|The County Perspective
Local Governments Unite to Fight Opioid Abuse
Erie County Executive Mark Poloncarz, a member of a national task force on the heroin & opioid abuse crisis, is traveling to regions across the state to hold informative session on the joint task force findings. The meetings are being coordinated by NYSAC and will be hosted by local county leaders. A forum was held last week in Dutchess County, and today there is a forum in Suffolk County.
As a member of the national task force put together by the National Association of Counties (NACo) and the National League of Cities (NLC), Poloncarz has taken a leadership role in battling the opioid crisis here in New York.
The local meetings are focused on strategies and programs that local leaders can implement to help prevent individuals from becoming dependent on prescription painkillers and heroin. As the large number of drug-related deaths across the U.S. brings increasing attention to efforts that aim to prevent these deaths, local leaders must not lose sight of the importance of preventing individuals from becoming drug dependent in the first place. During the meetings, local leaders will discuss prevention and education strategies that can stem the tide of drug abuse in local communities.
Unlock the Power of Learning at the NYSAC Legislative Conference
Registration is open for the NYSAC 2017 Legislative Conference, which will be held January 30, 31 and February 1, 2017 at the Desmond Hotel and Conference Center in Albany.
County officials are invited to attend a series of informative and timely workshops, standing committee meetings, conference-wide presentations, and networking opportunities.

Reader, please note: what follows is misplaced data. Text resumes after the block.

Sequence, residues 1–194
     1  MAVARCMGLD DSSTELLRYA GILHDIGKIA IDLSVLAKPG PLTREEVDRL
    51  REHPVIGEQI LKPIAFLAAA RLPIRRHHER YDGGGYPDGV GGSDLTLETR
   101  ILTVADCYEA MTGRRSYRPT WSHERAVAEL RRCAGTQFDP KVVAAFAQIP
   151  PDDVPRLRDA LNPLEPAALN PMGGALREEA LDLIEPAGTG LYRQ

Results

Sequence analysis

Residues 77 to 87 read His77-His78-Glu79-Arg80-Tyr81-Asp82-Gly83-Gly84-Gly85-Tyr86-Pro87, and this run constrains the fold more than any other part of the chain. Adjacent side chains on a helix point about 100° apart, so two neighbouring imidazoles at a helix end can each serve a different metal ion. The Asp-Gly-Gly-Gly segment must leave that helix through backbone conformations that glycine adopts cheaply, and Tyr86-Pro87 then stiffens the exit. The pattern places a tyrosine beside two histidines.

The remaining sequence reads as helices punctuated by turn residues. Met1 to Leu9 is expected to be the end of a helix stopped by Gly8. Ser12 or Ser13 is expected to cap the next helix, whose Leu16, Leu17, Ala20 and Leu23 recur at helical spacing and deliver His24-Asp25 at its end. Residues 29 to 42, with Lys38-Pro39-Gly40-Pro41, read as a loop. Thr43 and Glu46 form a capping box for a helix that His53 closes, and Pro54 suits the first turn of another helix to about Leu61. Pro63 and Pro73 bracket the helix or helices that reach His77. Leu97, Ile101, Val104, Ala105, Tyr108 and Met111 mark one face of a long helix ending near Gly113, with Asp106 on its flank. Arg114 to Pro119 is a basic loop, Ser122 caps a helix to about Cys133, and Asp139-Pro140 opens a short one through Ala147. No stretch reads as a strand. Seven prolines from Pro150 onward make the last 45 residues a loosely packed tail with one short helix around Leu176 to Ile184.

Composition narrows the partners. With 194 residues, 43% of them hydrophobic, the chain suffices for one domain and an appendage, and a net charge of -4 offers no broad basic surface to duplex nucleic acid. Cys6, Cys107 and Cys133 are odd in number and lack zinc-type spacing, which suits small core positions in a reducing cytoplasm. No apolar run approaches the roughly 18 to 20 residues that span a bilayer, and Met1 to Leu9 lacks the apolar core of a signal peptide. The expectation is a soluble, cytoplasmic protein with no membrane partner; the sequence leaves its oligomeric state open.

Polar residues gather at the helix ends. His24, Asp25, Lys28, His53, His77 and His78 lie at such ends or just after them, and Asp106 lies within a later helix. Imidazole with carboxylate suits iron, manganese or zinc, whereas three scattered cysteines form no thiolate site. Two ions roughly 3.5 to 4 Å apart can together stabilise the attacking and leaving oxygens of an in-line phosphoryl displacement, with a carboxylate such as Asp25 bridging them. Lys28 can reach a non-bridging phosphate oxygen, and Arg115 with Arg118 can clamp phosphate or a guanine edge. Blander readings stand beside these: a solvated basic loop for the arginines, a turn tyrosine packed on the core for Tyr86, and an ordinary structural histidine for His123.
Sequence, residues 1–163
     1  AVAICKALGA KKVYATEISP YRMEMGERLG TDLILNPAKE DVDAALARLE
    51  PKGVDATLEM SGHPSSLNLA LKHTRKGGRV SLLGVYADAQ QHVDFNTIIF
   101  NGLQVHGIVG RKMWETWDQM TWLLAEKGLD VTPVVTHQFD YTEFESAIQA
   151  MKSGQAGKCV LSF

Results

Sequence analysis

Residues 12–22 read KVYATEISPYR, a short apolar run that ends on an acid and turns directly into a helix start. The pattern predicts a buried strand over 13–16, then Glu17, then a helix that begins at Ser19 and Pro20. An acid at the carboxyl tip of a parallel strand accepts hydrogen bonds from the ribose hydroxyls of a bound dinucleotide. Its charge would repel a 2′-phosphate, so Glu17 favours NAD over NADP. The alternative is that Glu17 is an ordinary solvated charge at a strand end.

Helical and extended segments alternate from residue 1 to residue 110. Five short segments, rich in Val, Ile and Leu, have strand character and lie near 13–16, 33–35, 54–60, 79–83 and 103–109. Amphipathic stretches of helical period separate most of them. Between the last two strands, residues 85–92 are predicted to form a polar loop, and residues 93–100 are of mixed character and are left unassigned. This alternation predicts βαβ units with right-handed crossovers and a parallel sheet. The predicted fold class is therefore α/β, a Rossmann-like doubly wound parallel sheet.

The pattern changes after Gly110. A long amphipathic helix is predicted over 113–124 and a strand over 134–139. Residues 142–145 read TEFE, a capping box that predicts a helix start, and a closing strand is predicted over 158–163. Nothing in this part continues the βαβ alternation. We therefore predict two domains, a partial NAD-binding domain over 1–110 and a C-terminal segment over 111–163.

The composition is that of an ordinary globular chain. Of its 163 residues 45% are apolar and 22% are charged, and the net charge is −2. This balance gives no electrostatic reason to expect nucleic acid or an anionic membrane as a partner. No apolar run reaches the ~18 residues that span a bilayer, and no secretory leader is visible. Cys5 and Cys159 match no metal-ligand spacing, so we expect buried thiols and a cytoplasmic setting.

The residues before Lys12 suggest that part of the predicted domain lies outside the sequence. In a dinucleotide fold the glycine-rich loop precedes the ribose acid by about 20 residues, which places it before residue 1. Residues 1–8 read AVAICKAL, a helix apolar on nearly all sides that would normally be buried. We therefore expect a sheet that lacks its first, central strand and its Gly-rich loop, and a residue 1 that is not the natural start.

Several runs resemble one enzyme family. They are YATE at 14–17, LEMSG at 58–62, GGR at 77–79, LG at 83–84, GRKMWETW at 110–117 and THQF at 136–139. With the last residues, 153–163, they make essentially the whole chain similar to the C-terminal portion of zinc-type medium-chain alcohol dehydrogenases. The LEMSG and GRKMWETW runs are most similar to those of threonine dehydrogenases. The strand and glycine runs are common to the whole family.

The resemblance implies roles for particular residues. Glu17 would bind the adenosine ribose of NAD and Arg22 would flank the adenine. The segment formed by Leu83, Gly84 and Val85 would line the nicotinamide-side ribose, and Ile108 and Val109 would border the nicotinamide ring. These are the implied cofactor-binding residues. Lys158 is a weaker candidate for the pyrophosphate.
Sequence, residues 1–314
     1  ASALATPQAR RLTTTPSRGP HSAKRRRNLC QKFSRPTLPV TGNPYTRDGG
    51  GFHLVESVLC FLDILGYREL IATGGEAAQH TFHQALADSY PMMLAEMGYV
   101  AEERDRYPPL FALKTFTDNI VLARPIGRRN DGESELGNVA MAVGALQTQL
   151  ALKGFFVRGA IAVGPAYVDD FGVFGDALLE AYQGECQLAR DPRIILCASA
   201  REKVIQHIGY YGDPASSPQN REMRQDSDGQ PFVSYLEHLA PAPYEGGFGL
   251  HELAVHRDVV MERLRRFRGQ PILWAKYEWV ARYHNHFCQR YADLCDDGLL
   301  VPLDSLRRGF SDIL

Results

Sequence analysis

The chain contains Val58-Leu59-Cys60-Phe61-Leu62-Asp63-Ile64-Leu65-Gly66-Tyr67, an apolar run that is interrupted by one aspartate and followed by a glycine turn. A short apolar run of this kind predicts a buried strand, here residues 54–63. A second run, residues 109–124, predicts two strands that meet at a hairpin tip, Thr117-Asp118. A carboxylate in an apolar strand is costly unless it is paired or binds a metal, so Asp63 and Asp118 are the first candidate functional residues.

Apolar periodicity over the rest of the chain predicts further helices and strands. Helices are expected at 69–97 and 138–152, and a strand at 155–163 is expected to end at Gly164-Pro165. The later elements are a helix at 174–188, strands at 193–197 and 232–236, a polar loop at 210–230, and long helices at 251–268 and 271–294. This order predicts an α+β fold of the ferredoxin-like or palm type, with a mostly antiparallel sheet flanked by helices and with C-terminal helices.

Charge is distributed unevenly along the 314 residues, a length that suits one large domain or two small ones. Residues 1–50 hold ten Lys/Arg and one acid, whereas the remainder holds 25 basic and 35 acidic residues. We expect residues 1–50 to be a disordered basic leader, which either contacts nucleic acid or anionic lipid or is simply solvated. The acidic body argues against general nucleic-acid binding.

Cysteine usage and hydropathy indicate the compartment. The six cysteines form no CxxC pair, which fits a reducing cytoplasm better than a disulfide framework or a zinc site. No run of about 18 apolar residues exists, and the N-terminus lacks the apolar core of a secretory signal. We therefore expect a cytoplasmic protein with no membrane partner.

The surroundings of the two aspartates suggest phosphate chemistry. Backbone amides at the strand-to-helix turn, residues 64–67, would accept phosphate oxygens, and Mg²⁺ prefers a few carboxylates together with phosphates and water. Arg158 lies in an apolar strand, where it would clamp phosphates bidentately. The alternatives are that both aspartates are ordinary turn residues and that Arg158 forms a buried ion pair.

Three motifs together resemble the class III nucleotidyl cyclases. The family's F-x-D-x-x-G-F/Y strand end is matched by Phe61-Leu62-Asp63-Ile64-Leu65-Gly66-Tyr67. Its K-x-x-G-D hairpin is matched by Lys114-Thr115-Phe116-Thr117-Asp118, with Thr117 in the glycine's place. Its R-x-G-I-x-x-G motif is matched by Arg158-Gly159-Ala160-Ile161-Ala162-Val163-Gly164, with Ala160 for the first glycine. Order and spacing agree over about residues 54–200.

To register and for more information, visit our website at www.nysac.org/legislativeconference.
4th Quarter Sales Taxes Continue Slower Trend
The 4th quarter 2016 sales tax revenue data released today shows continues the trend of slower sales tax growth compared to the years leading up to the Great Recession, according to the New York State Association of Counties.
It is difficult at this time to precisely explain the slower growth in many counties. While Internet sales continue to outpace brick and mortar storefront sales, gasoline prices were about 12 percent lower in 2016 compared to 2015. Meanwhile, stagnant wage growth and higher costs of health care and housing could be placing downward pressure on retail sales, and therefore sales tax collections.
When comparing sales tax collections in the 4th Quarter 2016 to the 4th Quarter of 2015:
When comparing sales tax collections for the full year of 2016 to the full year of 2015:
- 20 counties had negative receipts,
- the percent increase for all counties was +1.9%, and
- the average change per county was +1.2%.
These trends well documented in a recent report by New York State Comptroller Thomas DiNapoli, who noted: "local sales tax revenue growth fell from 3.6 percent to 1.8 percent in the first nine months of 2016 from the same period a year earlier. While revenue collections varied by region, counties are particularly reliant on sales tax revenues."
- 18 counties had negative receipts,
- the percent increase for all counties was +1.4%, and
- the average change per county was 1.1%.
Counties use sales and property tax revenue to provide road and bridge maintenance, 9-1-1 emergency dispatch services, sheriff road patrol, restaurant inspections, veterans services, worker training, addiction prevention counseling, and senior programs such as meals on wheels. In addition, counties are required by the State fund $7.5 billion of the state's Medicaid program. Other mandated responsibilities include safety net, pre-school special education, early intervention, public defense, probation, youth detention, child welfare, and pensions. In total, these nine state mandates consume 99% of the aggregate county property taxes collected statewide. All other county programs are funded through sales tax revenues.